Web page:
Trone-Ella Trone, daughter of Rebecca and Adam Trone, residing with her widowed mother one and one half miles east of Rushville, on the lower Frederick road, died on the Sabbath evening last in the 17th year of her age. The Schuyler Citizen, Feb 12, 1880
Badenbinder, on the 6th inst., at his residence in Woodstock Township. Mr. John August Badenbinder. Mr. Badenbinder was born April 5, 1825 at Mauderback, Nassau Germany. He came to America in 1851 with his parents, and in 1860 was united in marriage with Miss Caroline Rohn. He leaves a wife and three children, his aged parents, a brother and as sister to mourn his departure. The funeral services were conducted by Rev. Mr. Bidie, of the German M. E. Church, on Sabbath last. The remains were interred in the Schramm cemetery. The Schuyler Citizen, Feb 12, 1880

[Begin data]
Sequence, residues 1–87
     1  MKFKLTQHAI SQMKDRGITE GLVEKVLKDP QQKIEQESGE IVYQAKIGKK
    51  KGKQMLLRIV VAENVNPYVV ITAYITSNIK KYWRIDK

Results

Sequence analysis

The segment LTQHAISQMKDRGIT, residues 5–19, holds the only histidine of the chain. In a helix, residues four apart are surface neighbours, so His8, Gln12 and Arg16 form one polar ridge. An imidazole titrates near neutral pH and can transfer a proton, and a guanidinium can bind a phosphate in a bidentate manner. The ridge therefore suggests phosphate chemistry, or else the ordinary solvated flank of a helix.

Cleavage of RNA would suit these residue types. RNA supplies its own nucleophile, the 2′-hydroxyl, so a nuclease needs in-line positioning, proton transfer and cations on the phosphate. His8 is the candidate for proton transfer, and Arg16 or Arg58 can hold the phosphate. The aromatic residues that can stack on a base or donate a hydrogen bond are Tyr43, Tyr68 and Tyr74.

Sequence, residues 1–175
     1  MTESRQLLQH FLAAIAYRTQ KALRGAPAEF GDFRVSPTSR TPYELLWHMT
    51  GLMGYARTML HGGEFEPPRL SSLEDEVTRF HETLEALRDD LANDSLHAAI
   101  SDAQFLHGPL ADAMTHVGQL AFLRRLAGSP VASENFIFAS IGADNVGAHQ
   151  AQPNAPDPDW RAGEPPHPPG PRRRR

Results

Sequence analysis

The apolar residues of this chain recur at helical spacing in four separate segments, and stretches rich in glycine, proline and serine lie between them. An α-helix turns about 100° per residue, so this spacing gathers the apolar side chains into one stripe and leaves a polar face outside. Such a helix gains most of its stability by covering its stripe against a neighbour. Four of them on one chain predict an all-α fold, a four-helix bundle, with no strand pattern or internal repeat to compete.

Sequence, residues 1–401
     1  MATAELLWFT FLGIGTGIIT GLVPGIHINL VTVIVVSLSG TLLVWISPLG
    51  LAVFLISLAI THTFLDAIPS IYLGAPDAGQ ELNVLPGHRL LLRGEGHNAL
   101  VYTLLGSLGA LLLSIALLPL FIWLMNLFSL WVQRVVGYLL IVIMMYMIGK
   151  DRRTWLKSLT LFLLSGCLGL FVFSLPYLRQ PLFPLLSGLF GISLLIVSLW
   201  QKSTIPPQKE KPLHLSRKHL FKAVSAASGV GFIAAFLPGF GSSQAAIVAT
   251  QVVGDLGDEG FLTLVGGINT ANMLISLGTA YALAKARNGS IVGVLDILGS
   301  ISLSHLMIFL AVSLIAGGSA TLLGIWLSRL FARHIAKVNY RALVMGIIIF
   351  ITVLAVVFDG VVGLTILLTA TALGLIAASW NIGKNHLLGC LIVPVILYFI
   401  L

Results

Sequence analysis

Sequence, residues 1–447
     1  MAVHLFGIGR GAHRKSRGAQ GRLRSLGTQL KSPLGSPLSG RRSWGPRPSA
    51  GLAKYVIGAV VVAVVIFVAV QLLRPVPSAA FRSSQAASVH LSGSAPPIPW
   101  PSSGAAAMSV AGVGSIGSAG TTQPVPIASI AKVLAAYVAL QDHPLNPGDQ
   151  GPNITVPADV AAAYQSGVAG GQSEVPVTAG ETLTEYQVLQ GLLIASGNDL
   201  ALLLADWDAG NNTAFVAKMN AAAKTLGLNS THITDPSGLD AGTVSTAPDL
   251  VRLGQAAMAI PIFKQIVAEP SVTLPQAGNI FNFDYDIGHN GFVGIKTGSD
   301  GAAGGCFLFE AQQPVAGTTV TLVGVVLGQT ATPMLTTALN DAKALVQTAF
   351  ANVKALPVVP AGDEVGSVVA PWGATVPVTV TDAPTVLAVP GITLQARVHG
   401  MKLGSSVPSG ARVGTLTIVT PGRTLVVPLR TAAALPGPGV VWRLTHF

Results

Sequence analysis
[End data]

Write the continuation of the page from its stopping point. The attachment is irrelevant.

Mrs. M. B. Ray- a kind heart has ceased to beat; a gentle spirit has departed; Mrs. M. B. Ray is dead. A husband has lost a faithful and affectionate wife, a sorrowing family, a kind and tender mother, the church an endeared and useful member, and society, a good woman. The announcement of her demise falls with startling impressiveness on a sympathizing community, for her strength was unbroken by the weight of years and her fine physique gave promise of prolonged life. She yielded to no sudden sunstroke nor wasted by slow decay; but in the midst of life we are in death. A tenacious memory records with gratitude her quiet ministration in acts of kindness to a family crushed by accumulated disaster—more than one of whom were on the verge of the grave; gentle as a true sister of charity her visits were a benediction. They yet live. She has passed over the dark river, and in the presence of the Master, who has said, “in as much as ye have done it to the least of these ye have done it unto me.” Her departure was peaceful through the assurance of hope and trust in God. We have laid her remains away and heard the solemn words, “dust to dust and ashes to ashes,” to rise again in the resurrection of the just. A “spiritual body,” bright as the wings of angels and lasting as the light of the New Jerusalem, where no labor will produce weariness, no disease decay, in the new heaven forever with the Lord, we are in sympathy with the bereaved; theirs is a crushing sorrow, but their grief’s mournful cadences melt away and are lost as she joins the redeemed in the triumphal strains of the seraphim’s song. These lines upon the death of Mrs. M. B. Ray, wife of W. H. Ray, are not intended as an obituary of the life and character of the deceased but as a record of an event in the history of the town as well as a tribute of respect from one who has known her for over a quarter of a century, who has been a frequent visitor at her home, met her in the social walks of life, and always found in her a quiet and unostentatious friend. Mrs. Ray was born in Tennessee on the 16th of April, 1831, came with her father’s family to this place in 1833, was married to Mr. Ray in 1849 and in the same house from which she was carried to her final resting place was married, spent her girlhood days, and reared her family. Mrs. Ray was well and widely known not merely from the fact of her connection with Mr. Ray, who in business, social and political life occupied the highest place, but for those qualities of mind and heart with which she was so richly endowed that made her prominent in social life and endeared her to all with whom she came in contact. Not only by her family, but also by the poor, by the church, by her friends, by all the social and benevolent enterprises of the community she will be sadly missed. Mrs. Ray has been in failing health for the last two years, for the benefit of which she has traveled widely and availed herself of the best medical skill of the land, but all in vain. After spending a portion of last summer and fall at home, like one of the early explorers of this county she concluded to go to the far west, hoping to find in the dry and invigorating climate of Colorado, the fountain of life and health, but she found it not; and while Ponce de Leon perished amid the wilds of the then unknown Mississippi valley she was permitted to return to her home, after a short stay of some two months, and with her family and friends around her, peacefully to pass to her better home beyond the river surrounded by all that wealth and affection could give. The respect in which Mrs. Ray was held by all classes of our community was manifested by the large number of persons in attendance upon the funeral. Mr. Ray, who survives, some two years since received a stroke of paralysis, resulting in a partial loss of the use of his left side and limbs, thus suddenly cutting off the activities of hale and hearty three-score years. As the relatives came out first to take their place in the rear of the hearse and at the head of the procession, which reached from the house to the square, Mr. Ray, leaning upon the arm of George Little, with whom he has been associated in business for near half a century was the first to make his appearance, and as he passed through the gate never can we forget that look of utter helpless agony which overspread his face. We knew that Mrs. Ray was his idol from its throne and left in his heart that desolation and loneliness, which no human aid, or sympathy can ever dispel. The procession was soon formed and with slow and measured tread moved to the cemetery where the body of Mrs. Ray, with “ashes to ashes and dust to dust,” was committed to its final resting place; and all this while there was not a cloud in the sky. The sun shone bright and pleasant from its far off home upon the stricken family and friends and seemed to say, “there is no sorrow there.”